Try the program Net Snippets. I use it a lot, in particular to save copies of web pages showing my receipts of things I have just purchased off the web. The program even makes a cute "snatching" sound as it snatches the content right off the screen and into a nice format that can be easily categorized, organized, searched,etc. It comes with a toolbar and one of the buttons on the toolbar is "Add Entire Page" which, as you guessed, copies the entire page for you. Check it out.

Roger Turner
May 26, 2007 2:20 AM

The best way to save a web page is to "save as" "Web Archive, single file, *.mht". This is much better than using .htm or .html as it does not need to create sub directories and is much more compact. Firefox has an add-on called "Mozilla Archive Format" which saves as *.maf, which can be opened in either Firefox or IE. However, it is only available for Firefox 1.5x but will work in version 2.x but has to be modified and is a bit tricky to do.

John Baldry
May 26, 2007 4:10 AM

You can obtain a screenshot right down to the bottom of a web page even if it goes off the screen - use FastStone Capture, a great piece of freeware from SnagIt also does scrolling sreenshots, but you have to pay for it.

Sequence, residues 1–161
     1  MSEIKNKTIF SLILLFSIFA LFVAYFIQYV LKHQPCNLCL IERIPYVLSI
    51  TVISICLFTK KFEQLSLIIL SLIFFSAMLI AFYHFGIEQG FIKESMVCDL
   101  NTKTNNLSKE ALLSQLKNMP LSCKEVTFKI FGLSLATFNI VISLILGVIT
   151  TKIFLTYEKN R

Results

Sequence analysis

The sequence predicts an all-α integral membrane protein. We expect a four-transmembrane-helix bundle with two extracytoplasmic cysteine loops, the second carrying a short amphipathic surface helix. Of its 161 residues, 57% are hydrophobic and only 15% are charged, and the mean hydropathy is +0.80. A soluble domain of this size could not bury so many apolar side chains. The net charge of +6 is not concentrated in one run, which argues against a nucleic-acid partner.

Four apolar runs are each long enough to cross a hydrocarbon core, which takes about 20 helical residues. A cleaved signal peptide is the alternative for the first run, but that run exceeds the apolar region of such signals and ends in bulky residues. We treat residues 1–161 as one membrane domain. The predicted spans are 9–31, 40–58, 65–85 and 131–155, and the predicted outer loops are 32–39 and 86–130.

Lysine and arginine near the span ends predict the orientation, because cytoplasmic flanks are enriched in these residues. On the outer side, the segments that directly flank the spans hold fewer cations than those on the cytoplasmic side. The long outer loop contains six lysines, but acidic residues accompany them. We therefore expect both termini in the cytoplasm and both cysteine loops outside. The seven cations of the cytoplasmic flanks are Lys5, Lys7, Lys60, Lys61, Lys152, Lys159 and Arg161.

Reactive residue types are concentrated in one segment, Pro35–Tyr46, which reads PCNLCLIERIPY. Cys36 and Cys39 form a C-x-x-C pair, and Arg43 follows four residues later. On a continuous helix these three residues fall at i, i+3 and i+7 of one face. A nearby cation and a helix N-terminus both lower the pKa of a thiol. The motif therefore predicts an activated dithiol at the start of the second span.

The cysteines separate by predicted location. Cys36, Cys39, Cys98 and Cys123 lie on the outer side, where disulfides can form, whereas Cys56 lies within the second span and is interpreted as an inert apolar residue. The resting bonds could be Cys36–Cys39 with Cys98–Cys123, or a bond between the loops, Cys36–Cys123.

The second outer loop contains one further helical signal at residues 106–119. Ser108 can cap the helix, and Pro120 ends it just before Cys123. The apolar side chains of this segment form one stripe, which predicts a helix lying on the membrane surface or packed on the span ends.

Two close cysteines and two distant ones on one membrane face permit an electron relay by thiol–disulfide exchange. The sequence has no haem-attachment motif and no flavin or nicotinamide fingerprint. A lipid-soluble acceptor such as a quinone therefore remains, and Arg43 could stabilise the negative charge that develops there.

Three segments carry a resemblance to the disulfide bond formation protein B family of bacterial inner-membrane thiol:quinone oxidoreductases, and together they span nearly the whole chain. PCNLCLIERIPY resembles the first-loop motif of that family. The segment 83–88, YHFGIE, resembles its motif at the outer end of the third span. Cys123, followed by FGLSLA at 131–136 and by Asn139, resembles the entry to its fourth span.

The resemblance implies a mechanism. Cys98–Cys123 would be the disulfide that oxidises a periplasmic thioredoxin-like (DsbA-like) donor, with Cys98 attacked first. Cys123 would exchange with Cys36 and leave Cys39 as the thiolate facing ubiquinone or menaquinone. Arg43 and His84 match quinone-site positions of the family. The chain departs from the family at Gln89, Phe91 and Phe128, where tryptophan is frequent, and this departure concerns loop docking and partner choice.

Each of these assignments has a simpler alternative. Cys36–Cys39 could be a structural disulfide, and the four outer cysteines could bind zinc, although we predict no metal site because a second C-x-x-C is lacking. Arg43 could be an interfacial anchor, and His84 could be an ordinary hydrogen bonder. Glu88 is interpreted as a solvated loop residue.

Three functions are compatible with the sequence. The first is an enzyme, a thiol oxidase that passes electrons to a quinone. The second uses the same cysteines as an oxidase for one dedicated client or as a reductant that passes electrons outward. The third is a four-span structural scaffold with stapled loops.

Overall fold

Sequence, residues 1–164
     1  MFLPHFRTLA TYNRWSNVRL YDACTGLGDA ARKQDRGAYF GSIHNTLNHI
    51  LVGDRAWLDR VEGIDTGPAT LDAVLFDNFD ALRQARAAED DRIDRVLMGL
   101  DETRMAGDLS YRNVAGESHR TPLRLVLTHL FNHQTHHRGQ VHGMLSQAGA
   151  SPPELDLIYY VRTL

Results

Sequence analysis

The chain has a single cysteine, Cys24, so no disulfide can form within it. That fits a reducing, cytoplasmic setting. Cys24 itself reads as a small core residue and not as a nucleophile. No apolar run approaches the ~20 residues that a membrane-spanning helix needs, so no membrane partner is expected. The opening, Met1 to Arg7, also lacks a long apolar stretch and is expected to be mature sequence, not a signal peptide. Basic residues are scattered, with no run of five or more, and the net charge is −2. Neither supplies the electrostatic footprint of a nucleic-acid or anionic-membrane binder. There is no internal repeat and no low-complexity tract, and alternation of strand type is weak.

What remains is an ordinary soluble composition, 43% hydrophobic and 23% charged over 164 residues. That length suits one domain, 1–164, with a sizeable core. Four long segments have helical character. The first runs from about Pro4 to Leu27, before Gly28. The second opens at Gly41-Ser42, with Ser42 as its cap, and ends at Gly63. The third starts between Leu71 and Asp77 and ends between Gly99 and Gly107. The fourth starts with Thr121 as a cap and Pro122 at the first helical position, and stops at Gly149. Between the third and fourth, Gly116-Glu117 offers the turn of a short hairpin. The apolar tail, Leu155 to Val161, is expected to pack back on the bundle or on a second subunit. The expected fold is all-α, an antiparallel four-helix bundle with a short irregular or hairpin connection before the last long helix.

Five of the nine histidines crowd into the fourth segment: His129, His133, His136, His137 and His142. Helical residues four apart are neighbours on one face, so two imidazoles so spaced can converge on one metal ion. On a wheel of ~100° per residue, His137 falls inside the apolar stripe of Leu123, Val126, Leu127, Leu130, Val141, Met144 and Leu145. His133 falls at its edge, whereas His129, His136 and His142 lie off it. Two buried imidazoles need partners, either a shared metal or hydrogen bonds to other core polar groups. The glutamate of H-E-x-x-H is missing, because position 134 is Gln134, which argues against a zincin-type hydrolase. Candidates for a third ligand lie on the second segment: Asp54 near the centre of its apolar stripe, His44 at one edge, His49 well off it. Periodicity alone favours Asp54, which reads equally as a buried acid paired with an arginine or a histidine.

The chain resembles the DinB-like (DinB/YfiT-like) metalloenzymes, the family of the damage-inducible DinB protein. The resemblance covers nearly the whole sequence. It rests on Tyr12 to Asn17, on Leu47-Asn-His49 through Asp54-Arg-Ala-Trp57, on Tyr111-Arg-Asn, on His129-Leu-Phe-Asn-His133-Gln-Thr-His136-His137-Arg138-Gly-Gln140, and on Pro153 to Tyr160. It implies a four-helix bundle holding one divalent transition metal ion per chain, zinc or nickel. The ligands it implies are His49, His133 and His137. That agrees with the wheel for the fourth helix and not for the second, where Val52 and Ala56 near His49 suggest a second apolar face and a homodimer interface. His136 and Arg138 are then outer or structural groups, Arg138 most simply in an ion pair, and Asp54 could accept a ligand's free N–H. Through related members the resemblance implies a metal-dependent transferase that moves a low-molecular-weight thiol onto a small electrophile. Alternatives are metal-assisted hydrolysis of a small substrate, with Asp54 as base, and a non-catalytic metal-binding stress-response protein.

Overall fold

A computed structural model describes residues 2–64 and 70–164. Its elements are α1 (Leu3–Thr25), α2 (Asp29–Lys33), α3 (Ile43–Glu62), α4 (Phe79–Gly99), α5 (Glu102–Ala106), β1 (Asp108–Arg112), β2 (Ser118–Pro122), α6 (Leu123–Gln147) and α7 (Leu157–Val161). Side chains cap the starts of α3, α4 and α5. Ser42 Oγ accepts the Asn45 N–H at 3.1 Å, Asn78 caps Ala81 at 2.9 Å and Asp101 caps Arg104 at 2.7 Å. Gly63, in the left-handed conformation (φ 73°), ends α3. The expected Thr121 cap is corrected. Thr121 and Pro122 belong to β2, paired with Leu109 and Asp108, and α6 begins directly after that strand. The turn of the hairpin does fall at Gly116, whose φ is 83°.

Judith Currier
May 26, 2007 6:49 AM

I enjoyed the article and downloaded the pdf creator which I had not known about -- sounds handy, and I might go to paperless bank statements now also.

However, I was curious why you didn't mention the Save as Archive in IE (mht extension). That seems to get an exact copy of the page without the fuss of a separate file that contains the graphics, etc. I used to use it a lot, though now that I am using Firefox I don't have that ability anymore.

Judith Currier
May 26, 2007 7:26 AM

Now that I downloaded PDF Creator, I just tried to save this page using it. All it got was down to the first paragraph of the copy/paste portion. It also didn't save ads, but that didn't hurt my feelings. However the lost information would have bothered me. I think saving to the archive is safer!